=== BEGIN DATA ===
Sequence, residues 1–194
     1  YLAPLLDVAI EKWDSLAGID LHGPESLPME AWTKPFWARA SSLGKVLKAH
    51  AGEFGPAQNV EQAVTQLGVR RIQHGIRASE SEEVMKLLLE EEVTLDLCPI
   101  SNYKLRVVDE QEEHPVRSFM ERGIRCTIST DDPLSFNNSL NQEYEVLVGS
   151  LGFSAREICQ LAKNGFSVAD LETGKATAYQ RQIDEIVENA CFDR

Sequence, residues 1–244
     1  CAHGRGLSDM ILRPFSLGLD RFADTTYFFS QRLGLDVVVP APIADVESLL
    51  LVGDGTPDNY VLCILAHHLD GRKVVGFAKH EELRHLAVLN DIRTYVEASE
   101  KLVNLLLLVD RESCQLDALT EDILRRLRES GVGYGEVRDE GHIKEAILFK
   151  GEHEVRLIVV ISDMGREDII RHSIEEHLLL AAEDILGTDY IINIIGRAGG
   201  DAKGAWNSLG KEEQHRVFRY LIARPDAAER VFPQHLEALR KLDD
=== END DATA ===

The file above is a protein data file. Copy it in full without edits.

Sequence, residues 1–194
     1  YLAPLLDVAI EKWDSLAGID LHGPESLPME AWTKPFWARA SSLGKVLKAH
    51  AGEFGPAQNV EQAVTQLGVR RIQHGIRASE SEEVMKLLLE EEVTLDLCPI
   101  SNYKLRVVDE QEEHPVRSFM ERGIRCTIST DDPLSFNNSL NQEYEVLVGS
   151  LGFSAREICQ LAKNGFSVAD LETGKATAYQ RQIDEIVENA CFDR

Sequence, residues 1–244
     1  CAHGRGLSDM ILRPFSLGLD RFADTTYFFS QRLGLDVVVP APIADVESLL
    51  LVGDGTPDNY VLCILAHHLD GRKVVGFAKH EELRHLAVLN DIRTYVEASE
   101  KLVNLLLLVD RESCQLDALT EDILRRLRES GVGYGEVRDE GHIKEAILFK
   151  GEHEVRLIVV ISDMGREDII RHSIEEHLLL AAEDILGTDY IINIIGRAGG
   201  DAKGAWNSLG KEEQHRVFRY LIARPDAAER VFPQHLEALR KLDD